Bookworm gushing on Lauren Willig

Grown-up alert! Grown-up alert! Not-for-the-classroom entertainment! 😉 

So, this summer I’ve drifted away from my “read what my kids do” tendency, because let’s be honest, I needed a break from YA fiction.  A few years ago, while goofing off in B&N, I was drawn to Lauren Willig’s debut novel The Secret History of the Pink Carnation.  I’m normally cheap, but I bought it on the spot and fell in love.  It became a series, and I became slightly obsessed.

Basic plot: A grad student Eloise searches for information on the Pink Carnation and has to make nice with the Selwicks– descendants of another spy– to get dissertation information.  The novel flips back and forth to modern Eloise’s trials and triumphs and Napoleonic Era France/England/British Empire. The novels are a mesh of historical romance/spy mysteries with a dash of chick lit.

I have a lot of things I love about these books, and a lot of things that I don’t. Let’s start with the positive and go from there, shall we?

  • I love the genre mesh. I was a history major, and I love digging up research. This book makes me want to look things up. It falls into the chick lit genre, but I don’t feel so guilty enjoying it since it’s got the mystery and history aspect.
    • Also, if you’re going to pick a historical era to have spies, Napoleonic era seems like an awesome time to do so.
  • The feel of the books are Austenesque. Quick wit, great characters, lots of vivid scenery. Great stuff on the societal norms.
  • Sometimes it feels like six degrees of separation when it comes to characters, their relations to other characters, and how they fit in the books’ schemes. Sometimes, minor characters get their own books!
    • This includes some of the more unsavory characters that everyone likes to hate and the unlikely bumbling hero, along with a few wallflowers or two.
  • The author Lauren Willig seems like a sweetheart. Her novels are all the more impressive because she was a Harvard Law student when she began writing this as a stress release. She also has a blog and is extremely active on it.  She wrote a Christmas novella that you can read free on the site. She has lots of giveaways.  You know when the book is at the publisher ready to go. I like how she stays connected with her fans.

I only have a few complaints. Let’s be honest, I need to get better at being more objective on this blog, so here’s some downsides:

  • Sometimes, Ms. Willig is a bit ADD in dialogue and writing style. I notice that the characters talk like I do:  I switch topics at the drop of a dime, and  no one else sees the connections that make me think of what I’m talking about.  This drives my family, friends, and coworkers crazy. Realistic conversation style? Perhaps. Easy to follow? Nope.   On occasion, a tangent will last long enough that you may have to go back a few paragraphs to remember what was originally happening, especially with earlier books.
    • I actually emailed her one time about the abrupt ending of her second book.  I was genuinely confused. It flipped from historical setting to Eloise  waking up, saying the bad guy got away.  One line explained it, but I totally missed it. (She didn’t email me back, which I understand.  I just had to re-read five times to go, “oh, that’s what happened?” Also, we were dealing with a narrator who was half asleep, so it’s not entirely unlike real life.)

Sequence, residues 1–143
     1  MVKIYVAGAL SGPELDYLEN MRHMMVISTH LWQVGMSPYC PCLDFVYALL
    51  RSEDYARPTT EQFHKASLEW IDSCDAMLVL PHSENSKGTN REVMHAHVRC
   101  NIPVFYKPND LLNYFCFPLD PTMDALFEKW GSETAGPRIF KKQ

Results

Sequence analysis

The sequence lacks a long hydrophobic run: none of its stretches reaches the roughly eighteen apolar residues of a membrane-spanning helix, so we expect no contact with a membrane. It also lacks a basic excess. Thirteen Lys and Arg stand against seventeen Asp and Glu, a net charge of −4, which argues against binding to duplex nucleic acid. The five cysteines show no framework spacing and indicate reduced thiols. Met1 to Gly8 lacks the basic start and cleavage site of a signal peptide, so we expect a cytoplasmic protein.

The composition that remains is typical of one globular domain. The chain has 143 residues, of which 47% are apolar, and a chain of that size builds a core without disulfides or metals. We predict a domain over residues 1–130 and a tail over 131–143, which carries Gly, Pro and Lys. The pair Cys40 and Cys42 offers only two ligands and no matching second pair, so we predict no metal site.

• Lots of things are repeated in the books, and I don’t know how intentional it was, especially in the first two or three books. (She WAS a student, after all.) The  examples I have off the top of my head include:
    • The first three books have similar “losing virginity” scenes. (I know the heroes are close friends, but close enough to share move-by-move?)
      • While we’re talking about sex moves (did I just write that?), her love scenes do vary by the character. She actually posted a question a couple days ago about “open or shut doors” on sex scenes.  She has a few racy ones, but there are other very chaste scenes. They fit the tone of the book.
    • Back to repetition (remember I have ADD? anyway), she has a favorite joke about temptation:  “I don’t suppose you have an apple to offer me?” (Yay Eve allusion! Boo reusing the joke in more than one book.) I don’t think that deja vu was intentional…
      • The more I think of the Eve joke, was this a common joke that got passed around? It’s said by characters that are only vaguely connected: Amy in the original, and…??? I can’t remember, but it was one of the more recent ones, maybe Blood Lily? Was there a “chain letter” system back then similar to forwarding bad jokes?  THAT would be something I’d want to know about! 😉

Even with my complaints, I love this series. It’s a fun, genre-bending series that fulfills my nerdy girl desires in a book.

I’m being lazy and not writing the full titles for all of the books, but this is the order that she lists chronologically for the modern story: Pink Carnation, Black Tulip, Emerald Ring, Crimson Rose, Night Jasmine, Blood Lily, {Mischief of the Mistletoe}, The Orchid Affair.   Mischief  actually has nothing on the modern story, but it’s a nice little Christmas story that recently won a regency book award. Pretty cool!

What other “grown-up books” should I check out?

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Filed under Historical fiction, Just gushing!, Not for the classroom, Romance, Uncategorized

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